By Darlene Donloe
LEIMERT PARK — Adé E. Neff is an avid cyclist who rides his bike everywhere. It’s his sole means of transportation.
Since the 1990s, Neff, a resident of Hyde Park, has been riding his bike to Leimert Park because it was a central location. Frustration would arise though, when, on occasion, his bike would be in need of repair, and there wasn’t a bike shop to be found anywhere in the area.
“I was always in Leimert Park but would have to travel to Mar Vista to go to a bike repair shop,” said Neff, who also rode his bike as his main mode of transportation in his native Haiti, and in Boston before moving to Los Angeles. “It became too much. It became very inconvenient.”
To solve his own problem and to satisfy a need in the area, Neff, 55, opened Ride On! Bike Shop/Co-Op, the first full-service bicycle shop in Leimert Park in 30 years and even more importantly, the first black-owned bike shop in the area.
“I opened a bike shop because I also saw the future,” said Neff, who sold his car in 2014 because the upkeep was too expensive and because he wanted to live a healthier life. “The city is going to have to get people out of cars. All of these cars are not sustainable to the planet.”
Ride On! Bike Shop/Co-Op is a full-service bicycle shop, offering repairs, sales, and rentals. The Co-Op is a member-run bicycle collective that provides tools, space, and a community environment (by appointment) to aid in bike repair education. The shop also conducts workshops on bike safety and advocates for bicycle infrastructure equity in Southwest Los Angeles.
Neff, a sustainable entrepreneur with a master’s degree in urban sustainability from Antioch University, said he created a space where community members can commune, get the service needed for their bikes, learn basic bike repair knowledge and to more easily connect with the cycling community in a fun, safe environment.
Since Neff opened the brick and mortar building in 2017, after doing pop-ups in Leimert Park for three years, Ride On! Bike Shop/Co-Op has become the area’s go-to destination for cycling needs.
“I’ve received a lot of support from the community,” Neff said.
When COVID-19 hit and lockdowns were put in place, Neff said his business initially took a hit. Sales dried up and he had to stop the shop’s weekly last Saturday of the month bike ride.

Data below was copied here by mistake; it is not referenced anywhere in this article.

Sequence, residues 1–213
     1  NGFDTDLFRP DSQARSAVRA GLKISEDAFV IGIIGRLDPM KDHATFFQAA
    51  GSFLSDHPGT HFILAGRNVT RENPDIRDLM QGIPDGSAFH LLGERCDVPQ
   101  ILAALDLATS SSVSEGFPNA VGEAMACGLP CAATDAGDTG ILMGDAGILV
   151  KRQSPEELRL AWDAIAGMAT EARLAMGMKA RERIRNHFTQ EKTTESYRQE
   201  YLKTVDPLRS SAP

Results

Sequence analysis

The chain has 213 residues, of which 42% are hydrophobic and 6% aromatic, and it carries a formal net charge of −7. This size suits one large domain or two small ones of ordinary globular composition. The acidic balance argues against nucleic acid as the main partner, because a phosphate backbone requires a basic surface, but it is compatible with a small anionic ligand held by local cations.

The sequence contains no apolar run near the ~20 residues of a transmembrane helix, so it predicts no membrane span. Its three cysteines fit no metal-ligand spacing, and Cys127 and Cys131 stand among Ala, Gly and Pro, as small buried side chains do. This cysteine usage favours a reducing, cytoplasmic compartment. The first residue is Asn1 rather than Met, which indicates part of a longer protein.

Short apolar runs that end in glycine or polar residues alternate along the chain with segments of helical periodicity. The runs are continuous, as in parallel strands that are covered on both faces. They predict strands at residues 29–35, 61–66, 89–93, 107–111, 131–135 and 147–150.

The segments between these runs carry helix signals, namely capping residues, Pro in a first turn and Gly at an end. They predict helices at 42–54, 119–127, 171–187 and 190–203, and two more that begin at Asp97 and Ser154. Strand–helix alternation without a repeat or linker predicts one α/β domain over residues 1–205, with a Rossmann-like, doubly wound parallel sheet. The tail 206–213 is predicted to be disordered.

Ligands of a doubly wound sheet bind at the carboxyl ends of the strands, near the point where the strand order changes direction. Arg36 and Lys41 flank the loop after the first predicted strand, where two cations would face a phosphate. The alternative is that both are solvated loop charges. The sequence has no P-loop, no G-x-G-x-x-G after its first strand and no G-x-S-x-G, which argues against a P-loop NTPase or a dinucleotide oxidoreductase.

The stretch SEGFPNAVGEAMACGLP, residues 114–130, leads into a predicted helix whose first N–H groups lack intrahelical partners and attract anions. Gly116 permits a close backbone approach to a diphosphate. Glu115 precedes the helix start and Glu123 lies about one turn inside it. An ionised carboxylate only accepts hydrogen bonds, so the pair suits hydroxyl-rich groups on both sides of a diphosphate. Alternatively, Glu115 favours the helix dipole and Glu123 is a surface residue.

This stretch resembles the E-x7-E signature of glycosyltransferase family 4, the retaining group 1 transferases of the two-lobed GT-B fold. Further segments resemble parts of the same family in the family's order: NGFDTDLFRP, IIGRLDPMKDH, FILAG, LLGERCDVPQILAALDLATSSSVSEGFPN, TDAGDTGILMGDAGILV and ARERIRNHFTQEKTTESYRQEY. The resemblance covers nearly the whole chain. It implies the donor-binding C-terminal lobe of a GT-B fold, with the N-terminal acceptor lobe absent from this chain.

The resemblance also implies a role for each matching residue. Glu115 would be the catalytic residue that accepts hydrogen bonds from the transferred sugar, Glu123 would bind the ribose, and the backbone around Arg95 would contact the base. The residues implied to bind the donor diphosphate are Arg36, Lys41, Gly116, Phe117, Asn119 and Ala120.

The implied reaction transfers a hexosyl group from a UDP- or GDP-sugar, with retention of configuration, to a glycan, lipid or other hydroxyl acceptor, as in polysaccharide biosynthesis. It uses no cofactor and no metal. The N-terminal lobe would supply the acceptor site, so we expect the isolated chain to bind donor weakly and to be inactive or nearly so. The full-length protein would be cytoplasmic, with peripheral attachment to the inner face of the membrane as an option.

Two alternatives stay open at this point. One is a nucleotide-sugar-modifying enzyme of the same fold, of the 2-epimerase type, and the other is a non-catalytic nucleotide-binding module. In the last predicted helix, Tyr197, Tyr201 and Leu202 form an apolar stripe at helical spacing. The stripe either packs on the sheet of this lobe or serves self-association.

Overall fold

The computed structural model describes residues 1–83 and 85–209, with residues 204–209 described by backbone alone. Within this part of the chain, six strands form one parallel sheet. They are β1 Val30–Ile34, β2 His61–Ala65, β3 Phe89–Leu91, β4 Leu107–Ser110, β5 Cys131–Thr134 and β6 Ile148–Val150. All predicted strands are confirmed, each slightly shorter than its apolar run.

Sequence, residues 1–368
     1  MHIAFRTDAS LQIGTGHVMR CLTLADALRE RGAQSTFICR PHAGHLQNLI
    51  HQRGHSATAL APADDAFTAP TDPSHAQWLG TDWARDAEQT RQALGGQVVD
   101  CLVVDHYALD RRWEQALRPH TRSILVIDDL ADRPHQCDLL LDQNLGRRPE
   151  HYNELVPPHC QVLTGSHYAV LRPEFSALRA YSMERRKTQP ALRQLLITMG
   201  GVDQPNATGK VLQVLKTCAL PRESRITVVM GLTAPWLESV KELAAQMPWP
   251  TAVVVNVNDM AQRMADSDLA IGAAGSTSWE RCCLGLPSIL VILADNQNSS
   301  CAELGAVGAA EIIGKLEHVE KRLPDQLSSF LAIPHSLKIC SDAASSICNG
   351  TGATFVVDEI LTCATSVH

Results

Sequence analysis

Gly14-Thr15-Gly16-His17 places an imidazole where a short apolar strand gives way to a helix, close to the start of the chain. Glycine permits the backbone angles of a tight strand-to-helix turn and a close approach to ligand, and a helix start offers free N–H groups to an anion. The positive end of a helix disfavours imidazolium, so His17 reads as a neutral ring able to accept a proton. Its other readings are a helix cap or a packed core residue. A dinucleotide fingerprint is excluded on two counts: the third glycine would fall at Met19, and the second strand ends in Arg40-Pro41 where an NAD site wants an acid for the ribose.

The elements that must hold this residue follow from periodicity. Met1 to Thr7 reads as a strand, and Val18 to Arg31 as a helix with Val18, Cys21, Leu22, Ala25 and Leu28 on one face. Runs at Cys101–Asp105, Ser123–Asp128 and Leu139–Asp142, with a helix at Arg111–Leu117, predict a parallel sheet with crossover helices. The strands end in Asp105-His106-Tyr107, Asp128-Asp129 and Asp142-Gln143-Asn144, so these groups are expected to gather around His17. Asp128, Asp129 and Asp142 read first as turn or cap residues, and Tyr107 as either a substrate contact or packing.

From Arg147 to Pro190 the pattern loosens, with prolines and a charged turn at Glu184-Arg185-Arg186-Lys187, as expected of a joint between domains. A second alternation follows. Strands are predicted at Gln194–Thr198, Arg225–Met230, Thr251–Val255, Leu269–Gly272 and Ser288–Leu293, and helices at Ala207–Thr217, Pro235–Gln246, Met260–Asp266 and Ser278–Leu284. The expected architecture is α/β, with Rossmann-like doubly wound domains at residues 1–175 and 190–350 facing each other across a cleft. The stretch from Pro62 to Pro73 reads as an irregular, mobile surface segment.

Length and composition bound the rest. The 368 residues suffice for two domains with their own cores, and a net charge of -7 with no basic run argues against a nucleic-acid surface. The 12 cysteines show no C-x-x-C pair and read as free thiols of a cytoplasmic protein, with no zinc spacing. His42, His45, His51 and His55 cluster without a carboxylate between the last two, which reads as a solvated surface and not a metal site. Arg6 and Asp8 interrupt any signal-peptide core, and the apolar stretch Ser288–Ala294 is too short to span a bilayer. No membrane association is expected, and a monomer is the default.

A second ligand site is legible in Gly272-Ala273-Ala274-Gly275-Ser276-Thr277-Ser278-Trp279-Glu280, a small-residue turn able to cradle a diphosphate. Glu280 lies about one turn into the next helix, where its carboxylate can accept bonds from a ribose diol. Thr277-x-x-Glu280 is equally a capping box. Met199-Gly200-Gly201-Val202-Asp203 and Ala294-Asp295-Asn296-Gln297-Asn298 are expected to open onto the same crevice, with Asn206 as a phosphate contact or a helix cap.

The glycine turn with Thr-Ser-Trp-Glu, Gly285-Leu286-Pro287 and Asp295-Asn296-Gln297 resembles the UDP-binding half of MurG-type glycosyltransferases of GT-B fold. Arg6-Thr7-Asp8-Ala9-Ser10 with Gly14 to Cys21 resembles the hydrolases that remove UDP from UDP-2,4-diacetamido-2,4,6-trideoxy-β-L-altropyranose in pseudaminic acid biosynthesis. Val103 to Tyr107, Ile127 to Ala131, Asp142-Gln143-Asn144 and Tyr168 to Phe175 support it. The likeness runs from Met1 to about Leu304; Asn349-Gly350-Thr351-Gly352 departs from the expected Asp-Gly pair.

“It was dead,” said Neff, who owns a purple, late 70s Bianchi bike he named “Grace”. “Then it started picking up. With gyms being closed, cycling is the go-to activity. Right now we sold out of every bike in the shop. I never keep a big inventory in the shop.
“My supplier doesn’t have any bikes right now. Probably won’t get any in until the end of August or maybe September,” he added. “Everyone around the world decided they wanted to get a bike.”
Ride On!, which sells a variety of bikes, is a one-stop bike shop that offers an array of services. There are bike repair and maintenance clinics, community and leadership clinics, tips and training lectures, and community engagement. On average, a tune-up for the whole bike is about $65. It includes front brakes, back brakes, shifters, chain, lube, cleaning, air in the tires and more.
“Community engagement is working with folks to do bike education courses,” said Neff, who likes to promote a healthy lifestyle. “I taught safety through LAUSD (Los Angeles Unified School District) to fifth graders. I’m interested in letting people know the issues they need to be familiar with. I’m always advocating for better infrastructure. I’m trying to position myself as a leader in transportation equity.”
“We do bike repair clinics on how to fix anything wrong with your bike so you can get back on the road,” said Neff, who repairs six to eight bikes per day. “I teach cycling classes. I teach people how to ride a bike. We also offer a bike safety course on how to ride in the street and in groups.”
Neff said contrary to what most people might think, riding a bike on the sidewalk is not the safest place.
“The reason why I say that is because drivers are not looking for bikes to come off the sidewalk,” said Neff, who was hit by a car in 2013 while riding his bike. “They scan the road and by the time they see you, you’re in front of them. When you’re cycling, you want to be visible and predictable. You need to be in front of someone driving a car.
“Ride predictably,” he added. “When riding your bike, behave like a motorcyclist or a car. You’re not on the playground so don’t weave and swerve.”
An advocate for bicycle infrastructure equity in Southwest Los Angeles, Neff is working with organizations like the Department of Transportation and the Metropolitan Transportation Authority to address the lack of infrastructure in Los Angeles.
“There are no bike lanes and no protected bike lanes,” Neff said. “We want to make those things happen. It allows people to get out into the street.”
Neff said the streets are for “the people.”
“We have a right to be on the street,” he said. “Look into the future and how we can be a healthy community, especially black folks. We need to pay attention to our bodies. Look out for your health. I hope nothing goes back to the way it was before COVID because that’s not sustainable. We need to think about how we move around and take care of our health. I want us to get some exercise. Take a walk or better yet, get on your bike and take a ride around the block.”